The Scarlet Claw appears in an aspect ratio of approximately 1.33:1 on this Blu-Ray Disc. I hoped that as the Holmes series progressed, the images would improve, but in this case, the opposite seemed to be true, as Claw mightíve been the most problematic transfer of the films Iíve seen.
As usual, print flaws were the main concern. From open to close, I noticed many examples of specks, blotches, marks, tears, nicks, scratches, lines and debris. Some segments looked better than others, but none escaped harm.
The rest of the image was stronger but not as good as its predecessors. In particular, softness took a bit of a hit. While most of the film showed fairly nice delineation, wide shots tended to seem softer than usual. No issues with jaggies or shimmering occurred, and blacks looked pretty good. Dark tones seemed reasonably solid, and low-light shots offered fairly positive clarity. Though this wasnít an unwatchable presentation, the combination of nearly constant print flaws and some softness made it a ďD+Ē.
Donít expect improvements from the problematic monaural soundtrack. In particular, this one seemed rougher than its predecessors. Noise was a bigger concern, and speech tended to be edgy and sibilant. Music was usually somewhat harsh, and effects appeared distorted. All I want from a 1940s mono mix is to get acceptably clear audio, but that didnít happen here; the track was a bit of a mess.
Because Claw came as part of a 14-film, five-disc set, I didnít give it a grade for bonus materials. The package spreads these across all of those platters, and only a few are film-specific, so I didnít think it was fair to issue individual marks for extras.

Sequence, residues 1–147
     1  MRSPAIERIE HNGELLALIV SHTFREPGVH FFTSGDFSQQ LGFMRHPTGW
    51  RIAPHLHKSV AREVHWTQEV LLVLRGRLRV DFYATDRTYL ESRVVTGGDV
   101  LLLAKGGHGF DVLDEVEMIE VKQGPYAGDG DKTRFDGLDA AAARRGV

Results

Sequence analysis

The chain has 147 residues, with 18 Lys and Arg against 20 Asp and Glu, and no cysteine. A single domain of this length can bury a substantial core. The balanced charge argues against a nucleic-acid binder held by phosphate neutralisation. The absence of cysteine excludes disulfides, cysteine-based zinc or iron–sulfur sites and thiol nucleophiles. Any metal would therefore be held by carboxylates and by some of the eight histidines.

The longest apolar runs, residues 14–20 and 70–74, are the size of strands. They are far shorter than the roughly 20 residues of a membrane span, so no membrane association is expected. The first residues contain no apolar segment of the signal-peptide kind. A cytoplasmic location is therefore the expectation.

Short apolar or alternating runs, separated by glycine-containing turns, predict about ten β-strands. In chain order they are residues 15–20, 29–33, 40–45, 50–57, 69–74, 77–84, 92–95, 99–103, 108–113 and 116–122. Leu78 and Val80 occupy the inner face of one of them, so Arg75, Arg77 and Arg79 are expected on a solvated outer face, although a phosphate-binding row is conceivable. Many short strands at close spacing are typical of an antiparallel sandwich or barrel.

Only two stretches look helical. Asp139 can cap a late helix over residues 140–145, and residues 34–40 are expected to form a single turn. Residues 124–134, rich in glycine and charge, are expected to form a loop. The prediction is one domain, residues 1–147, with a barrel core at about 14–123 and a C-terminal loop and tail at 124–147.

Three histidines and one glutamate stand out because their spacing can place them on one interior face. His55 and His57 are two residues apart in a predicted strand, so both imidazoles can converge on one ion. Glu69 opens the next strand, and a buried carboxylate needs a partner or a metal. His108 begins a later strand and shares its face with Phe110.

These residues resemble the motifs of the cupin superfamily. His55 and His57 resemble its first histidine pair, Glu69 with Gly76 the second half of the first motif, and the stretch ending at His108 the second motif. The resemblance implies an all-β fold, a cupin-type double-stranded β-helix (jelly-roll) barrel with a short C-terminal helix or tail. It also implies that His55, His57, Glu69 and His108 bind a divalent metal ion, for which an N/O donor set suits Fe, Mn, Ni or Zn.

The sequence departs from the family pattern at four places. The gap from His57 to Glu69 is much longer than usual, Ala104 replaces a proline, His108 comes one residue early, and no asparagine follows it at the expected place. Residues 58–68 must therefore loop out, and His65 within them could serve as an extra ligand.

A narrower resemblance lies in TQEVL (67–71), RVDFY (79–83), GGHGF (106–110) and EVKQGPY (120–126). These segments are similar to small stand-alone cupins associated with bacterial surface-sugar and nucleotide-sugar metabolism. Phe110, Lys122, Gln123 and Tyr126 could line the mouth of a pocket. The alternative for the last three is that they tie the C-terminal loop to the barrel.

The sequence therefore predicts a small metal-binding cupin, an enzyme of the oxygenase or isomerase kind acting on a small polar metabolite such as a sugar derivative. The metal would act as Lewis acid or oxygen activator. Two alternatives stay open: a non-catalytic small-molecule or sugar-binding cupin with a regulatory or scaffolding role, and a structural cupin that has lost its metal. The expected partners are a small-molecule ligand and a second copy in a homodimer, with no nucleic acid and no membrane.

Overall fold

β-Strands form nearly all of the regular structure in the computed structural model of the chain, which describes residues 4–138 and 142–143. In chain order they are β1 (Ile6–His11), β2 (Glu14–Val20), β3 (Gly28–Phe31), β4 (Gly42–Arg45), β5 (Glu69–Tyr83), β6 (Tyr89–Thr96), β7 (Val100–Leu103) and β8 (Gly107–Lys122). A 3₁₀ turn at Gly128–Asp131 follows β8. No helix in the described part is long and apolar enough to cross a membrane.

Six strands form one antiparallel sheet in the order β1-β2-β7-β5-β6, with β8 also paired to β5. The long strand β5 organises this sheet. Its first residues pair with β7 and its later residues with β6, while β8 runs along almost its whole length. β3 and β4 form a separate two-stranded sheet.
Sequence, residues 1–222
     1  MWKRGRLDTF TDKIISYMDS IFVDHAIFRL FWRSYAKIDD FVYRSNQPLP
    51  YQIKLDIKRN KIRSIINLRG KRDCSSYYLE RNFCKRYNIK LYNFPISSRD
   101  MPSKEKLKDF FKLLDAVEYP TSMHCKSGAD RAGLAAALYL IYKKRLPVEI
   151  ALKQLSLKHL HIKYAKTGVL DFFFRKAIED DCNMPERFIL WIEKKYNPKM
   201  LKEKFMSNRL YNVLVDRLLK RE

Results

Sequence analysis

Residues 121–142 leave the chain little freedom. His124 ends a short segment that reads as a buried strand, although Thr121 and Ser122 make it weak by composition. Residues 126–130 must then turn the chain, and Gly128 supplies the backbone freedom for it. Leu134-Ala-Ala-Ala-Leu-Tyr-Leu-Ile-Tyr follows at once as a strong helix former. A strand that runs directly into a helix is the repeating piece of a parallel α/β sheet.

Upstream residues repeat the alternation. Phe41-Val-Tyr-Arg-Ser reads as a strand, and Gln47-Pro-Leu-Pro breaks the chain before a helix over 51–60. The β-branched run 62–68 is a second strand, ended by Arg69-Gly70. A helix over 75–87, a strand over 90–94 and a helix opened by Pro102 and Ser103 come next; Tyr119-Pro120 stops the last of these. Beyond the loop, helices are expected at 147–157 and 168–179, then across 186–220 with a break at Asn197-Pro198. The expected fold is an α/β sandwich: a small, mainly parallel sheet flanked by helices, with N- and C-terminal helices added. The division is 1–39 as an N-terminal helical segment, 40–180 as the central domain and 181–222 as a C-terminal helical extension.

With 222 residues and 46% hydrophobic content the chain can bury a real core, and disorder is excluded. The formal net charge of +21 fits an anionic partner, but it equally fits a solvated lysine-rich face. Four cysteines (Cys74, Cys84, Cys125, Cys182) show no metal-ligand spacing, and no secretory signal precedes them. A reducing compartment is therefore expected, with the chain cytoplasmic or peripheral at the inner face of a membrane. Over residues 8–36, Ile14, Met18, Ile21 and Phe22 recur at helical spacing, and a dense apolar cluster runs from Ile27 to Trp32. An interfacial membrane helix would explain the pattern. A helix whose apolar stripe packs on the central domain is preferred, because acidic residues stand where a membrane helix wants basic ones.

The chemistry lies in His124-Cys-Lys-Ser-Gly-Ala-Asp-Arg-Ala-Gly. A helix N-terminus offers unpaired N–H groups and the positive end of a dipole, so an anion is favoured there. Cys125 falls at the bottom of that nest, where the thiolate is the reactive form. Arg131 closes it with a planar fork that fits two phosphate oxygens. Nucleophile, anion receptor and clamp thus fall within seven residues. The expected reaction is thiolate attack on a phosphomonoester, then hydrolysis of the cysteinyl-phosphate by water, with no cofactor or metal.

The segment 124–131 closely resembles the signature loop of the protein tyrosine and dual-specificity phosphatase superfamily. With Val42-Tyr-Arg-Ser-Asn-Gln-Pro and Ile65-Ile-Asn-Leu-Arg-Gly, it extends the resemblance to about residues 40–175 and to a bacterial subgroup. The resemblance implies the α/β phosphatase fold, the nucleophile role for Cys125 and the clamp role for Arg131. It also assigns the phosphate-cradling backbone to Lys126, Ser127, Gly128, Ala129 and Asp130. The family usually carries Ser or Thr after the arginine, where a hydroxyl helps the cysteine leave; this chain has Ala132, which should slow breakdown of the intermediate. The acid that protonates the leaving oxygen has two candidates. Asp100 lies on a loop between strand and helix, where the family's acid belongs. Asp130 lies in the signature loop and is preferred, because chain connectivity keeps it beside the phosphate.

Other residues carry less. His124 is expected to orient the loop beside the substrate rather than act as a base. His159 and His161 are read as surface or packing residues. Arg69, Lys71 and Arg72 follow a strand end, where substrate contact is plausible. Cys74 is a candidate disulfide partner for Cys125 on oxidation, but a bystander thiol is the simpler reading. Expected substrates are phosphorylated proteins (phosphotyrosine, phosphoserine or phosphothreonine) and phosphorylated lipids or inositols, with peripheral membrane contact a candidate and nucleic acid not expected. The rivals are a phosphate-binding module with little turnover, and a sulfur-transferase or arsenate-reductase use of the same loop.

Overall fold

We do find an audio commentary for Claw. Author David Stuart Davies provides a running, screen-specific look at story issues and influences, cast, characters and performances, sets and locations, connected timelines and other production areas.
This is the third Davies commentary Iíve heard, and itís a decent one but not terrific. At this point, Davies seems to be running out of series-related notes the share, so he feels a bit tapped out along the way. Nonetheless, he still manages to throw out a reasonable amount of info; the track simply drags more than Iíd like.
Found on Disc One of this package, we get an Introduction by Robert Gitt. In this four-minute, 38-second piece, Gitt discusses the efforts that went into the restoration of the Universal Holmes flicks. Gitt gives us a good look at some of the challenges he and his team encountered.
Disc Five offers a few more bonus materials, and we find five Photo Galleries. Each one shows a running montage of stills accompanied by music; they run two minutes, 35 seconds apiece. We see posters and photos from the flicks. These are mildly interesting but not particularly memorable.
Next we discover a compilation of trailers. We locate promos for The Spider Woman, The Scarlet Claw, The Pearl of Death, House of Fear, Terror By Night and Dressed to Kill. Theyíre in awful shape, but theyíre still fun to see.
Footage of Sir Arthur Conan Doyle comes from a newsreel that appeared at the time of his death. This one-minute, 16-second clip gives us a little of Doyle as he talks about his work on the series. He doesnít tell us much, but itís nice to have a look at the man behind the legend.
With a tight narrative and a clever narrative, The Scarlet Claw satisfies. It doesnít attempt to reinvent any wheels, but it delivers the kind of fun mystery we want from Sherlock Holmes. Unfortunately, picture and audio come with many problems. A few supplements round out the set with some decent material, however. The Blu-ray has issues but the movie itself entertains